If you only read one thing this week…

Are NGOs too busy to learn? by ifyouonlyreadonethingthisweek
March 1, 2007, 3:08 am
Filed under: Articles, If you only have 15 mins, organizational learning

Intrac (a non-profit aiming to increase civil society performance) recently published a Praxis Paper entitled, “We’re Too Much in ‘To Do’ Mode“. The action research study looked at 45 Dutch NGOs to understand how they learn and where the obstacles and challenges lie. It also outlines the connection between individual learning and organizational learning. Read more about the enabling and competing factors for learning…

I found the most interesting section (quoted below) the factors that the researcher found to enable or complicate learning. Most disturbing for me was the fact that M&E were hardly ever mentioned as an enabling factor. If this is the case then we have some very real discrepancies between what we say the purpose of M&E is and how we use it. Some of the others seemed pertinent to our organization, others maybe less so but it was definitely thought provoking. The document is long although easy to skim. But if you have time definitely read the section below and then maybe the conclusions that appear on page 26.

Enabling and Complicating Factors for Learning.

When discussing enabling and obstructing factors for learning, most members were able to give a long list of factors they deemed important. Several factors were salient.
Lack of time was the factor most mentioned as obstructing learning. Respondents observed that making room for reflection is difficult when day-to-day processes are pressing — ‘developing the model is an extra task, so you have to create time that you would normally use for your primary processes’.
Field experience appears to be crucial in gaining new experiences from which to learn, either through communication between head offices and field staff/partners or through field visits. A condition for learning from field experience is time and trust in each other — ‘you gradually learn more as you get to know and trust each other more’. The physical distance from the field complicated this, partly because of difficulties in communication.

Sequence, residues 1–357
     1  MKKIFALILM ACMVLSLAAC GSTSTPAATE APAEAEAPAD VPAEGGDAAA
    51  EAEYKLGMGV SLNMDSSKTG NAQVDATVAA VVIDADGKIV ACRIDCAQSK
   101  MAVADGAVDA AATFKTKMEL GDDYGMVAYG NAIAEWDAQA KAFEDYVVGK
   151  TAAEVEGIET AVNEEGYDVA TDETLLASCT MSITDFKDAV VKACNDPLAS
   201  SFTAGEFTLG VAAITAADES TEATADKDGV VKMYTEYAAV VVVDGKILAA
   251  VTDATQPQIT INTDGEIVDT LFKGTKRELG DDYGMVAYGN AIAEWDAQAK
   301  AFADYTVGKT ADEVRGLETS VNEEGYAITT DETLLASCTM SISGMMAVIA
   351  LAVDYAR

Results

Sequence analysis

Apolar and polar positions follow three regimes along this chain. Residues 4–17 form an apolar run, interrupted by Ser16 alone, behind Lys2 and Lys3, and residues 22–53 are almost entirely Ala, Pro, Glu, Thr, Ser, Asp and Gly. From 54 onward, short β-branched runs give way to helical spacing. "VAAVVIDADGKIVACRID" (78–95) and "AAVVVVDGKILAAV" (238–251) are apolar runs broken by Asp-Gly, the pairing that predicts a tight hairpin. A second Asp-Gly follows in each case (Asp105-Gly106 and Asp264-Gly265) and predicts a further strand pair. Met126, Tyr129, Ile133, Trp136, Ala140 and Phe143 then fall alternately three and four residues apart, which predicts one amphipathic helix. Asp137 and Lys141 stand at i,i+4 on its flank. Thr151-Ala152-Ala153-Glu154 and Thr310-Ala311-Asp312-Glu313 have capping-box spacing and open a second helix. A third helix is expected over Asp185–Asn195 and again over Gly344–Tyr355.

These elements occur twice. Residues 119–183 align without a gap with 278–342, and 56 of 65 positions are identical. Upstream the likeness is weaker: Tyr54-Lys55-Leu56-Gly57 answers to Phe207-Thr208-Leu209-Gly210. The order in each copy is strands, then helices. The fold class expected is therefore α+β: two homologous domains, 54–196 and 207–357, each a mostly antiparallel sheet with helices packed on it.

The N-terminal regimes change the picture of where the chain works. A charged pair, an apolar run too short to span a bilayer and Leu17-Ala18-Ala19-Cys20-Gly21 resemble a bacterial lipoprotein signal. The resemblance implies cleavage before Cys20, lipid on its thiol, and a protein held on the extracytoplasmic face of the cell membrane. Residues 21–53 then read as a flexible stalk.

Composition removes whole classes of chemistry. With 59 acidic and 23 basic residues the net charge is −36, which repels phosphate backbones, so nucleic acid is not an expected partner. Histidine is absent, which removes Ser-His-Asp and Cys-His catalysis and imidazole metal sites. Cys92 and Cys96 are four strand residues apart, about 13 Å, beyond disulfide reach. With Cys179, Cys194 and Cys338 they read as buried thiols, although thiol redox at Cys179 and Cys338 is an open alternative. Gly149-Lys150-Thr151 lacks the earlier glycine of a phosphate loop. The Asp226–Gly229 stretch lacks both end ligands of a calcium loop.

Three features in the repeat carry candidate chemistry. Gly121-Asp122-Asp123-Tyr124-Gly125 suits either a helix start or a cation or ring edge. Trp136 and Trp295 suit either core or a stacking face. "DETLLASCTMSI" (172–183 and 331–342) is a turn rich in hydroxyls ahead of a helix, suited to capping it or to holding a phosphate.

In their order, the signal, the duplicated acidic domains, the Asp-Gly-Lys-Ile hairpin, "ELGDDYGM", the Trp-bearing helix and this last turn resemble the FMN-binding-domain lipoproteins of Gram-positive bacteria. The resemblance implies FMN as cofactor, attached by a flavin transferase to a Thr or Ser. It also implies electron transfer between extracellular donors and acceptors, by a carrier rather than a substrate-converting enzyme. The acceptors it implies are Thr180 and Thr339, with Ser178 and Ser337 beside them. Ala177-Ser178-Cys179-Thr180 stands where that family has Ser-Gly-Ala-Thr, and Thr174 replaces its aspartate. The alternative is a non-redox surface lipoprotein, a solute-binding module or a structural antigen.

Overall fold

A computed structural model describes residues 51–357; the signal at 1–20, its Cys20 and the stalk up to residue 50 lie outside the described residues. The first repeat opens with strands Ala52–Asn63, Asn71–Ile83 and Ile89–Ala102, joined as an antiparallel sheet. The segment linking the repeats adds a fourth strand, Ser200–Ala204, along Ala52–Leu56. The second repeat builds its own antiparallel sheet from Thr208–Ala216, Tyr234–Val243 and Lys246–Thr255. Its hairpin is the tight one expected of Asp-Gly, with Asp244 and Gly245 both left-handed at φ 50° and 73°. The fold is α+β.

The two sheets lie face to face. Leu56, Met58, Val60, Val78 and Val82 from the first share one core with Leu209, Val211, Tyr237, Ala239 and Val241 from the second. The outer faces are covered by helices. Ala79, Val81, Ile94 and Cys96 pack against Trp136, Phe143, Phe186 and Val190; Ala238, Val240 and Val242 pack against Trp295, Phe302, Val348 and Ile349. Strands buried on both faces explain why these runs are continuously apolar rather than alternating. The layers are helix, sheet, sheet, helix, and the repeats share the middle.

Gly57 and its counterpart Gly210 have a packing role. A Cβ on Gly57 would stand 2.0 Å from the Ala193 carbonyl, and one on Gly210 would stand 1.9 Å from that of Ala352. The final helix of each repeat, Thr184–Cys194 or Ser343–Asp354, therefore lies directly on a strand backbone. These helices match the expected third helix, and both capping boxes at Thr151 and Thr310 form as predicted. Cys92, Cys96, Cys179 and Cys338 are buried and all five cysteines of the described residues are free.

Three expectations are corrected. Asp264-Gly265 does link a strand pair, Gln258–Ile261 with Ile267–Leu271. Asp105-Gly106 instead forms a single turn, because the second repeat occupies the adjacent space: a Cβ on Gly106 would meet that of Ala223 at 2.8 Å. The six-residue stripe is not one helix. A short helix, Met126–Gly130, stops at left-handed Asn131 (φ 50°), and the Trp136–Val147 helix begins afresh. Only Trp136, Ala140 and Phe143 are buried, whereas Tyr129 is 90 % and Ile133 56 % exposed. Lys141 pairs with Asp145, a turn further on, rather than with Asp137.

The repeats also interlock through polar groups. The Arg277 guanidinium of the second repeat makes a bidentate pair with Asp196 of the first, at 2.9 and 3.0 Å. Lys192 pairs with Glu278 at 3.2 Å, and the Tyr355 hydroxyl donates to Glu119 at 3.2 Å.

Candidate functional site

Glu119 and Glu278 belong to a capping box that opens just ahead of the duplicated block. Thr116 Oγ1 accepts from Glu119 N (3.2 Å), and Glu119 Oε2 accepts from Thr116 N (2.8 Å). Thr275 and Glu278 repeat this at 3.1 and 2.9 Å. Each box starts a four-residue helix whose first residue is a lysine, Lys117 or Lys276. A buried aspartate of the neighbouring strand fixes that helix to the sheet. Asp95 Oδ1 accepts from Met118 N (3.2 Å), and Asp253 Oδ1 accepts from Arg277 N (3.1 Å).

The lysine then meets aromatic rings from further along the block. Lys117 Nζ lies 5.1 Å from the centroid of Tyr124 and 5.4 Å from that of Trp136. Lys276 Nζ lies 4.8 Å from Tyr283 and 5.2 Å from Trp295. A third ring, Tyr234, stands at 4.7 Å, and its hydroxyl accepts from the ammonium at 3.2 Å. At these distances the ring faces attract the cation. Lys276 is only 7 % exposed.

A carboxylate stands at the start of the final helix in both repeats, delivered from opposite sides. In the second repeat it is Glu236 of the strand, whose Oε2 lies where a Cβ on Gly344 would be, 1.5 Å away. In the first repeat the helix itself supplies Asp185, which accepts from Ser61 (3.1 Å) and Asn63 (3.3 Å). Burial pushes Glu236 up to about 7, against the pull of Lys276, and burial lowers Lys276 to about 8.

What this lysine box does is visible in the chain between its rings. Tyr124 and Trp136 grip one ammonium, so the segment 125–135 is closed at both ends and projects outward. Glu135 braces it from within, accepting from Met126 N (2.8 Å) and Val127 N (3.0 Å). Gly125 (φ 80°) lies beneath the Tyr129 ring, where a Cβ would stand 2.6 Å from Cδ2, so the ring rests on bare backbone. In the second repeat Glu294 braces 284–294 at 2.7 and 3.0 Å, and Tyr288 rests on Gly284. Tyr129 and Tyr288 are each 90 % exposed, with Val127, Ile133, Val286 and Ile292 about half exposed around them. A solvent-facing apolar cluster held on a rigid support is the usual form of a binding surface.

The isolation of project staff was also seen as an obstructing factor for learning, giving some the impression that they are working on their own island, with little opportunity for exchanging and sharing learning.
New staff entering the organisation was mentioned most often as a factor promoting learning, as it brings in new expertise and a fresh, critical view. However, in some cases it can obstruct learning when new staff are too keen to make their mark on an ongoing learning process.
Funding was a factor relevant for learning, both positive and negative. Some felt that a lack of institutional funding ensured a dynamic vibe, while others felt that institutional funding created more room for reflection. Having unrestricted funds can enable an organisation to stick to its own goals, and potentially leaves more room for experiment and innovation, but can also mean there is no necessity to monitor and evaluate.
Monitoring and evaluation were hardly mentioned as an enabling factor for learning. Although, in theory, monitoring and evaluation are coupled with learning, when looking at concrete learning experiences, they are regarded as being of little importance.”

Praxis Paper 16: We’re Too Much in ‘To Do’ Mode (2007)


1 Comment so far
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I agree, there is no substitute for field experience, however it does have the unfortunate habit of making you busy to a breaking point. For instance one might think that broadband internet and email 24 hours a day in the middle of nowhere is a dream come true, but when someone works for 12 hours and has 50 emails in their inbox there’s another 3 -4 hours of work. From here very little thought, if any, is given to matters of reflection and self improvement, thought process is eat -> shower -> sleep for 6 hours

I’m not saying this is a good thing, just a current reality that probably needs to be improved upon. 🙂

Comment by Aaron in South Sudan

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